E. 15: Indicates the wheel or rim diameter in inches. If you change your wheel size, you will have to purchase new tires to match the new wheel diameter.

F. 95: Indicates the tires load index. It is an index that relates to how much weight a tire can carry. You may find this information in your owners manual. If not, contact a local tire dealer.

Note: You may not find this information on all tires because it is not required by federal law.

G. H: Indicates the tires speed rating. The speed rating denotes the speed at which a tire is designed to be driven for extended periods of time under a standard condition of load and inflation pressure. The tires on your vehicle may operate at different conditions for load and inflation pressure. These speed ratings may need to be adjusted for the difference in conditions. The ratings range from 81 mph (130 km/h) to 186 mph (299 km/h). These ratings are listed in the following chart.

Note: You may not find this information on all tires because it is not required by federal law.

H. U.S. DOT Tire Identification Number (TIN): This begins with


H. U.S. DOT Tire Identification Number (TIN): This begins with the letters DOT and indicates that the tire meets all federal standards.

The next two numbers or letters are the plant code designating where it was manufactured, the next two are the tire size code and the last four numbers represent the week and year the tire was built. For example, the numbers 317 mean the 31st week of 1997. After 2000 the numbers go to four digits. For example, 2501 means the 25th week of 2001. The numbers in between are identification codes used for traceability. This information is used to contact customers if a tire defect requires a recall.

I. M+S or M/S: Mud and Snow, or

AT: All Terrain, or

AS: All Season.

J. Tire Ply Composition and Material Used: Indicates the number of plies or the number of layers of rubber-coated fabric in the tire tread and sidewall. Tire manufacturers also must indicate the ply materials in the tire and the sidewall, which include steel, nylon, polyester, and others.

K. Maximum Load: Indicates the maximum load in kilograms and pounds that can be carried by the tire. See the Safety Compliance Certification Label (affixed to either the door hinge pillar, door-latch post, or the door edge that meets the door-latch post, next to the drivers seating position), for the correct tire pressure for your vehicle.

L. Treadwear, Traction and Temperature Grades

Treadwear: The treadwear grade is a comparative rating based on the wear rate of the tire when tested under controlled conditions on a specified government test course. For example, a tire graded 150 would wear one and one-half (11⁄2) times as well on the government course as a tire graded 100.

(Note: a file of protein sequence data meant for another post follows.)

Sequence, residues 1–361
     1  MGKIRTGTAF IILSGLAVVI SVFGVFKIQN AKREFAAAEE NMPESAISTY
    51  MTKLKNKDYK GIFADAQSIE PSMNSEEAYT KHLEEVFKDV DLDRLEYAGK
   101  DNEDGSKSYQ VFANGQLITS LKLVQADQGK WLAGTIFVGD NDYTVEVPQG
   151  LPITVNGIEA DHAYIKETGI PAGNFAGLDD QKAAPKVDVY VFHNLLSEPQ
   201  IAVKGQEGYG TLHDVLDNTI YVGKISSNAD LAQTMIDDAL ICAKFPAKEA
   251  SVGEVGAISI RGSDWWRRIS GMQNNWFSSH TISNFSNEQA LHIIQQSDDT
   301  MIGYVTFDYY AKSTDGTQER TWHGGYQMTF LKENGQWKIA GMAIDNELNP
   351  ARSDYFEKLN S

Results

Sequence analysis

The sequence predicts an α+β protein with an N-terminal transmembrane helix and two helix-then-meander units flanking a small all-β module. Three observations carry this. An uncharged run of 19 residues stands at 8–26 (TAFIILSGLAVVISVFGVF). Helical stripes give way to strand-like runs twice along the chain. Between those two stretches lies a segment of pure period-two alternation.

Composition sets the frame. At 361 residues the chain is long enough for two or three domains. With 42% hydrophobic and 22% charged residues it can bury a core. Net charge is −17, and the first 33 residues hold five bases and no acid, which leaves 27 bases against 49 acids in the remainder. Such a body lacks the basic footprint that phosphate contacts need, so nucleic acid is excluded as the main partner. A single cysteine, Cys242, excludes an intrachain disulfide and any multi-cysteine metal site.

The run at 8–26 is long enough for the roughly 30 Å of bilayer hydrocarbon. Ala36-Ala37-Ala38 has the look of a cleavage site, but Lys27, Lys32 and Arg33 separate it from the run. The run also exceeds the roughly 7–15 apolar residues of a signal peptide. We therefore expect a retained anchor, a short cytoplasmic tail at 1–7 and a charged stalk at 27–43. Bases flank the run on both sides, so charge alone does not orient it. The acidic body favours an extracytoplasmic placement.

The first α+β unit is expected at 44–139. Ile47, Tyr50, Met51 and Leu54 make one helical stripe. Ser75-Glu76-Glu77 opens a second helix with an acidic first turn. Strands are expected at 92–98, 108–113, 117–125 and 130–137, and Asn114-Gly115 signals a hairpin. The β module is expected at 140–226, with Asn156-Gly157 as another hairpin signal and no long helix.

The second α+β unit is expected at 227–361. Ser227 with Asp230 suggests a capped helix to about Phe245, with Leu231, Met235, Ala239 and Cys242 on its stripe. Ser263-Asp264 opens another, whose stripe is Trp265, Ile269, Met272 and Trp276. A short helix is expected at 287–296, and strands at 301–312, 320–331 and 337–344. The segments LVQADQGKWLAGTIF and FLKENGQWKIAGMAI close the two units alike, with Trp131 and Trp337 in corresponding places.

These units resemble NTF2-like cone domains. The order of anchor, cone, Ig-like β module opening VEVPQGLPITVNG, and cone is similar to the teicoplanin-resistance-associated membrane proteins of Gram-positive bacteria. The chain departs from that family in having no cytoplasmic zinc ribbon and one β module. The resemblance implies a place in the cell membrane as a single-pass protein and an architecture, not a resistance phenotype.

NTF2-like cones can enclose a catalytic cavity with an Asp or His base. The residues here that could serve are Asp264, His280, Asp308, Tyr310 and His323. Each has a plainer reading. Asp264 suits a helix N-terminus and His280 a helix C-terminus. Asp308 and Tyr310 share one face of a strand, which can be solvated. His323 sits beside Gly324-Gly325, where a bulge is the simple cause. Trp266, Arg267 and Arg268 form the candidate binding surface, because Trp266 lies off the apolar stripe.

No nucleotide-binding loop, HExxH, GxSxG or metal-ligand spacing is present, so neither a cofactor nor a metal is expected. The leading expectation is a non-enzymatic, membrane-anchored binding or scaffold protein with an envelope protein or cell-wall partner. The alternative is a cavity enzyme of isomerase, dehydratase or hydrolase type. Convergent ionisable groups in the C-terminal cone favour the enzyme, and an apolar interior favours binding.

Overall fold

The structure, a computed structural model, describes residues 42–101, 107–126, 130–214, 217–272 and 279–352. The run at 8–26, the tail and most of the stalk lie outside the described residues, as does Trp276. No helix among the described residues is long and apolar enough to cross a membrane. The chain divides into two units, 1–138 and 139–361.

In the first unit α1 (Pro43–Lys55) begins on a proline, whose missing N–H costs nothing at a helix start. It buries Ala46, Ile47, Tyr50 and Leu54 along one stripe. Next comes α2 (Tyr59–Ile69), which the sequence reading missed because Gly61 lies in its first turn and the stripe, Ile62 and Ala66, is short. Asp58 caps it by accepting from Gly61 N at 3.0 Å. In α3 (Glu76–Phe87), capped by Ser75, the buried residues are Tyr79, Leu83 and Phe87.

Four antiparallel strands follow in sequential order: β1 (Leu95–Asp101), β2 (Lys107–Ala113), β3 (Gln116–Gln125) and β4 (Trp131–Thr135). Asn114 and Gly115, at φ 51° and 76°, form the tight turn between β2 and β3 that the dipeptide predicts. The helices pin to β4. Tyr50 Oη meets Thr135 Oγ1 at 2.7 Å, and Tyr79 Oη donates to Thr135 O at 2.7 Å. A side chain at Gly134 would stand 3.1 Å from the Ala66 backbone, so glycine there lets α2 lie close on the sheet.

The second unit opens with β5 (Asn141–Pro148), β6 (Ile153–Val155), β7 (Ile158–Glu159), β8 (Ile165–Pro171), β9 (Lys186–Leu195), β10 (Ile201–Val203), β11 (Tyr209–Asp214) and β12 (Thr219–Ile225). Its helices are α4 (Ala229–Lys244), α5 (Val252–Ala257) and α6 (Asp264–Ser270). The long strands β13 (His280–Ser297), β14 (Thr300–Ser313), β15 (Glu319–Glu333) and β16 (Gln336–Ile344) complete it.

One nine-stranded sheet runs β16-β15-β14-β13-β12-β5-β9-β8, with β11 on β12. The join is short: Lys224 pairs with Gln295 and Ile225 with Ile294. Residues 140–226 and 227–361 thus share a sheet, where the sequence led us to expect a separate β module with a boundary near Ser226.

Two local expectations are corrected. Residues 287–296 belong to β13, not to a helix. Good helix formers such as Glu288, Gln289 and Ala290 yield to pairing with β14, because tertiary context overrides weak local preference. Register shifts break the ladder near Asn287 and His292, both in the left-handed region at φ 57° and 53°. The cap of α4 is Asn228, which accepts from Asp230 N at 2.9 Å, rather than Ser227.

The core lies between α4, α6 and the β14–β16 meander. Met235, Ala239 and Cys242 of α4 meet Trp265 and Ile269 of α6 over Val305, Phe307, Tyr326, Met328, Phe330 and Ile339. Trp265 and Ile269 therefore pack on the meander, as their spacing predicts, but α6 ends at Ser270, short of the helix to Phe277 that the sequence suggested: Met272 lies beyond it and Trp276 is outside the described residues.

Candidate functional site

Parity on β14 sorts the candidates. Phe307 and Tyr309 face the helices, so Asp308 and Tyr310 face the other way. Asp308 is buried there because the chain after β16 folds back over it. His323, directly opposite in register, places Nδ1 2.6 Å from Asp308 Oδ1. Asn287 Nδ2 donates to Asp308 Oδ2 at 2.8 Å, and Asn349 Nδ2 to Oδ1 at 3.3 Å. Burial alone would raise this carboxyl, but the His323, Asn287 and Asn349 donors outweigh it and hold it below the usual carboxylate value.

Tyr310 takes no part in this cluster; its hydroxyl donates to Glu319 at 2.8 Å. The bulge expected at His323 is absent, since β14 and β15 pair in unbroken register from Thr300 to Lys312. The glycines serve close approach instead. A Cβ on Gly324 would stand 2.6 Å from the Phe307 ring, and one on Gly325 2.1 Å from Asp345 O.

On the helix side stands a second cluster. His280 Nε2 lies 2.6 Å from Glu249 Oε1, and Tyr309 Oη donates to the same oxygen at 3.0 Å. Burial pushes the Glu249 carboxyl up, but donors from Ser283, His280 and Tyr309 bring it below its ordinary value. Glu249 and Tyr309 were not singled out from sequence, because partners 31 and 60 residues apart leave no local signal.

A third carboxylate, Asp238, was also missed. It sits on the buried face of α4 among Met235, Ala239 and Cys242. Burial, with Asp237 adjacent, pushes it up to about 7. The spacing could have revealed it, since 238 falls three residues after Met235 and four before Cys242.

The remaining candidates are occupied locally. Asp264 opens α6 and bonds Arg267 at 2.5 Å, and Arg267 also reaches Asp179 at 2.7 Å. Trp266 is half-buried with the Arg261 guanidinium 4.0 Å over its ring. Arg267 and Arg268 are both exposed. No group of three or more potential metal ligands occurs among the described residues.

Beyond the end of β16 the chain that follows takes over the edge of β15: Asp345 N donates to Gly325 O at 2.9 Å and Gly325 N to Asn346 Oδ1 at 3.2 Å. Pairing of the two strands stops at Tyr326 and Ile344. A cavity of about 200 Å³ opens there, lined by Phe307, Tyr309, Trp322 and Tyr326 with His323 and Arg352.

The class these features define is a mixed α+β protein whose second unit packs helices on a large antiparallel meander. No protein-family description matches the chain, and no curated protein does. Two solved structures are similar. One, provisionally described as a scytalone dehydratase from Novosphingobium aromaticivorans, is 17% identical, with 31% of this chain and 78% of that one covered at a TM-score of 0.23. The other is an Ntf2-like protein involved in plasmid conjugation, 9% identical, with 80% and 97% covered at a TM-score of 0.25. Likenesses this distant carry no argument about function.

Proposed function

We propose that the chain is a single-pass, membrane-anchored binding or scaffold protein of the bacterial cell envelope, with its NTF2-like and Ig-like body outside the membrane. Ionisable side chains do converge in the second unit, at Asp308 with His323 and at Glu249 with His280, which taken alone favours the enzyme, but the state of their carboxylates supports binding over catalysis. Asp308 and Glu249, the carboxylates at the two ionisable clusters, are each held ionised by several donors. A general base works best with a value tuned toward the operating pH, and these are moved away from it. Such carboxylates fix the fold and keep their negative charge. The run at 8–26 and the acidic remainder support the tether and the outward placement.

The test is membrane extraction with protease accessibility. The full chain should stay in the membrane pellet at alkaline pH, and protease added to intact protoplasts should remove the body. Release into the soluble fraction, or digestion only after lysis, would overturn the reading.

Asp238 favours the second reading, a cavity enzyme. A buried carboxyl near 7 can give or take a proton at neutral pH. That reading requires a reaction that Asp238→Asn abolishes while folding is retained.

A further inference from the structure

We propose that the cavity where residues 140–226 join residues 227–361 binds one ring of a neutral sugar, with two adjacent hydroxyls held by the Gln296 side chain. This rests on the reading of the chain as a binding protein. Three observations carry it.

Traction: The traction grades, from highest to lowest, are AA, A, B, and C. The grades represent the tires ability to stop on wet pavement as measured under controlled conditions on specified government test surfaces of asphalt and concrete. A tire marked C may have poor traction performance.

Temperature: The temperature grades are A (the highest), B and C, representing the tires resistance to the generation of heat and its ability to dissipate heat when tested under controlled conditions on a specified indoor laboratory test wheel.

M. Maximum Inflation Pressure: Indicates the tire manufacturers maximum permissible pressure or the pressure at which the maximum load can be carried by the tire. This pressure is normally higher than the vehicle manufacturers recommended cold inflation pressure, which can be found on the Safety Compliance Certification Label (affixed to either the door hinge pillar, door-latch post, or the door edge that meets the door-latch post, next to the drivers seating position), or Tire Label which is located on the B-Pillar or the edge of the drivers door. The cold inflation pressure should never be set lower than the recommended pressure on the vehicle label.

The tire suppliers may have additional markings, notes or warnings, such as standard load or radial tubeless.

Additional Information Contained on the Tire Sidewall for LT Type Tires

LT type tires have some additional


LT type tires have some additional information beyond those of P type tires. These differences are described below.

Note: Tire Quality Grades do not apply to this type of tire.

A. LT: Indicates a tire, designated by the Tire and Rim Association, that is intended for service on light trucks.

B. Load Range/Load Inflation Limits: Indicates the tires load-carrying capabilities and its inflation limits.

C. Maximum Load Dual lb (kg) at psi (kPa) cold: Indicates the maximum load and tire pressure when the tire is used as a dual, defined as four tires on the rear axle (a total of six or more tires on the vehicle).

D. Maximum Load Single lb (kg) at psi (kPa) cold: Indicates the maximum load and tire pressure when the tire is used as a single, defined as two tires (total) on the rear axle.

Information on T Type Tires

T type tires have some additional


T type tires have some additional information beyond those of P type tires. These differences are described below.

T145/80D16 is an example of a tire size.

Note: The temporary tire size for your vehicle may be different from this example. Tire Quality Grades do not apply to this type of tire.

A. T: Indicates a type of tire, designated by the Tire and Rim Association, that is intended for temporary service on cars, sport-utility vehicles, minivans and light trucks.

B. 145: Indicates the nominal width of the tire in millimeters from sidewall edge to sidewall edge. In general, the larger the number, the wider the tire.

C. 80: Indicates the aspect ratio, which gives the tires ratio of height to width. Numbers of 70 or lower indicate a short sidewall.

D. D: Indicates a diagonal type tire. R: Indicates a radial type tire.

E. 16: Indicates the wheel or rim diameter in inches. If you change your wheel size, you will have to purchase new tires to match the new wheel diameter.

Location of the Tire Label

You will find a Tire Label containing tire inflation pressure by tire size and other important information located on the B-Pillar or the edge of the drivers door. See the payload description and graphic in the Load Carrying chapter.